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POL354Y5 (11)
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Political Science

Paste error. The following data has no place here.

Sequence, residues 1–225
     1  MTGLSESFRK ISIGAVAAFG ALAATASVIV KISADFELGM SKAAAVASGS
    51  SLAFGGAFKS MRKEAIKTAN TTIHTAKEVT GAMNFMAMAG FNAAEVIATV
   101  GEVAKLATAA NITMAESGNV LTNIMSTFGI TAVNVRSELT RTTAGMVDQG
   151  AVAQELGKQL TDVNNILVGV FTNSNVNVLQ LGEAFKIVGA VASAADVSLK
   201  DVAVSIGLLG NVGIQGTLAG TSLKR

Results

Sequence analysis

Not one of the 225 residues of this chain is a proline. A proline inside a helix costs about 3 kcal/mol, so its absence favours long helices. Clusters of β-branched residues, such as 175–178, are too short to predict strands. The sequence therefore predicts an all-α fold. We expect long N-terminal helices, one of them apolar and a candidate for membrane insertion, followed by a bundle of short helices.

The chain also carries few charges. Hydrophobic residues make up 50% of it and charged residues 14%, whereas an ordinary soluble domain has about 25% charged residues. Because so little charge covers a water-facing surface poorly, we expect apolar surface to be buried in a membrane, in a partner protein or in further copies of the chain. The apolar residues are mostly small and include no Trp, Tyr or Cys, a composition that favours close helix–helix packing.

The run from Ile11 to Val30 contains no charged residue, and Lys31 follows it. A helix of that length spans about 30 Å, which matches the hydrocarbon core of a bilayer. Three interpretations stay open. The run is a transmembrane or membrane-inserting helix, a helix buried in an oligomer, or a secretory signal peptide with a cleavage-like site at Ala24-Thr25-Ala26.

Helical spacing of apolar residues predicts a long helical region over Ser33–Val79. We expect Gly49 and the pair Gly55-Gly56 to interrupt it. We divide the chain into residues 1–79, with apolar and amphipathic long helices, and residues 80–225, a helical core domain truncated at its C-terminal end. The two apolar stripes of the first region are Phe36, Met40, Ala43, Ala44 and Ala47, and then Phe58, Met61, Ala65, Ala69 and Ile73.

FEATURES OF A DEMOCRATIC CONSTITUTION FUNDAMENTAL / BASIC / HIGHEST LAW SUBSTANTIVE FUNCTION: IDENTIFY COLLECTIVE & INDIVIDUAL RIGHTS & RESPONSIBILITIES PROCEDURAL FUNCTION: PROVIDE CONTEXT FOR RULE OF LAW IDENTIFY BASIC STATE INSTITUTIONS: • POWERS • JURISDICTIONS • LIMITS • RELATIONS IDENTIFY TERRITORIAL LEVELS OF GOVERNMENT & THEIR JURISDICTIONS CHALLENGES TO CONSTITUTIONALISM IN RUSSIA LACK OF HISTORY OF CONSTITUTIONALISM NEED TO BUILD ENTIRE NEW SYSTEM: COMPLEX SET OF TASKS NEED TO BE ACHIEVED SIMULTANEOUSLY ABSENCE OF A “LEGAL CULTURE” ABSENCE OF COMPARATIVE EXPERIENCE GAP BETWEEN AUTHORITY AND POWER SPECIFIC FEATURES OF ELTSIN’S CONSTITUTION UNILATERALLY INTRODUCED AMBIGUOUS APPROVAL AMBIGUITIES & OMISSIONS  “WAR OF LAWS” PRESIDENTIAL POWERS FACTORS CONTRIBUTING TO INABILITY TO REACH CONSENSUS ON CONSTITUTION POLITICAL CULTURE: • PAST RESORT TO AUTHORITARIAN RULE IN CRISIS • NEGATIVE ATTITUDES TO "COMPROMISE" • NEGATIVE ATTITUDES TO "OPPOSITION" • LACK OF TOLERANCE OF DIVERSITY • CYNICISM OF POLITICS & POLITICIANS • L ACK OF RESPECT OF "LAW" (RULES, PROCEDURES) • FLUIDITY OF NATIONAL IDENTITY POLITICAL CIRCUMSTANCES: • ABSENCE OF POLITICAL PARTIES • POLARIZATION OF SOCIETY • FRAGMENTATION OF CENTRIST COALITION • PERSONALIZED POLITICAL LEADERSHIP • MUTUAL THREATS AT HIGH LEVEL • ABSENCE OF SECURITY FOR THOSE EXCLUDED FROM POWER • "WAR OF LAWS" & "MULTIPLE SOVEREIGNTIES" • ETHNIC TENSIONS (DOMESTIC & REGIONAL) COMPONENTS OF RUSSIAN CONSTITUTION PREAMBLE FOUNDATIONS OF THE CONSTITUTIONAL SYSTEM HUMAN AND CIVIL RIGHTS AND LIBERTIES FEDERAL STRUCTURE *PRESIDENT *FEDERAL ASSEMBLY *GOVERNMENT JUDICIARY LOCAL GOVERNMENT CONSTITUTIONAL AMENDMENTS NATIONAL STATE INSTITUTIONS OF RUSSIAN FEDERATION LEGISLATIVE POWER: FEDERAL ASSEMBLY Criteria for Democratization  Free and Fair Elections  Representation of population in a predetermined and fair manner  Parties forming Government and Opposition  Constitutionally defined, clear legislative powers  Responsibility for drafting, debating, approving laws  Two models: o Presidential: Division and balance of powers between executive and legislature; o Parliamentary: government sits in parliament and is held responsible by legislature. Soviet Heritage • Soviets (Councils) (no power, no elections, no representation, no legislative power); • Congress of Peoples’ Deputies (Gorbachev 1989); • President a figure-head (Chairman of Supreme Soviet). 1993 Eltsin Constitution Federal Assembly of two Houses: • Upper House: Federation Council (178 seats = 2 x 89 regions); • Lower House: State Duma (450 deputies = 225 single member constituencies / 225 party lists) (elected for 4-year term) (2007: all deputies elected by party lists / 7% threshold). • Federation Council Powers: (limited) o Confirm Presidential decrees, border changes, martial law, state of emergency; o Schedule presidential elections; o Appoint high court justices, procurator-general; o Adopt resolutions on matters under its jurisdiction; o Approve / veto State Duma legislation. • State Duma Powers: o Consent on presidential nominee for Chairman of Government; o Decide questions of confidence in Government; o Bring accusations against President to remove him from office (impeachment); o Adopt resolutions on matters under its jurisdiction. o Legislative Powers:  Draft laws and consider draft laws submitted by other state bodies and individual office holders;  Approve tax and expenditure bills from Government;  Pass laws (simple majority)  Override vetoes of laws by Federation Council & President o May be dissolved by President under certain conditions (e.g., 3x rejection of Presidential nominee for Chair of Government) Weaknesses of Federal Assembly: Structural Weaknesses: • Limited jurisdiction; • Strong presidency; • Lack of control over Government / President; • Complex procedures. Political Weaknesses: o Weak fragmented parties (Eltsin) / One-Party dominance (Putin); o Strongest parties anti-regime (LDPR, KPRF) (Eltsin) / liberal & centrist parties marginalized (Eltsin) and eliminated (Putin); o Roles: opposition (Eltsin) / puppet (Putin). • GOVERNMENT OF RUSSIAN FEDERATION Soviet Heritage  Council of Ministers (Supreme Soviet) (USSR Inc.): wide-ranging powers to plan, legislate, implement and monitor all public activities;  Consisted of Chair (Prime Minister), Deputy Chairs, Ministers, Chairs of State Committees;  Effectively subordinated to CPSU Politburo and Secretariat 1993 Constitution and the Russian “Government”  Exercises executive power. Chmn, Vice-Chmn, Ministers (110)  Chmn appointed by Pres w/ consent of Duma. If nomination rejected 3x by Duma, then Pres appoints Chmn, dissolves Duma & schedules new elections.(111-4)  Chmn presents proposals for structure of govt & nominates candidates for positions-- approved by Pres.  Responsibilities (114) include: o fed budget preparation (to Duma for approval) & implementation; o implementation of financial, credit & monetary policy & other domestic policies; implementation of foreign, security & defense policy; o issues resolutions & directives & ensures their implementation (may be annulled by Pres if unconstitutional or at variance with fed laws or Pres decrees).  Govt is disbanded if: o it resigns; o it is dismissed by Pres; o no confidence voted by Duma (majority). May be rejected by Pres. But, if Duma dismisses govt 2x w/i 3 months Pres must dismiss govt & Duma must be dissolve & election held. o Govt may put confidence vote before Duma. If Duma votes no confidence, Pres must decide: dismiss govt or dissolve Duma. FEATURES OF RUSSIAN "GOVERNMENT" Appointed Not Elected Subordinated To Two Elected, Competing Institutions Cabinet Does Not Consist of a "Team" or "Coalition" Loyal To PM or Accountable to Parliament Cabinet Headed by Appointed PM & Ministers Who Manage Independent Bureaucratic Fiefdoms (Ministries, Departments, Officials) Ministerial ‘Feudalism’ Explained By: • Absence Of "Legal" Culture / Rational – Legal N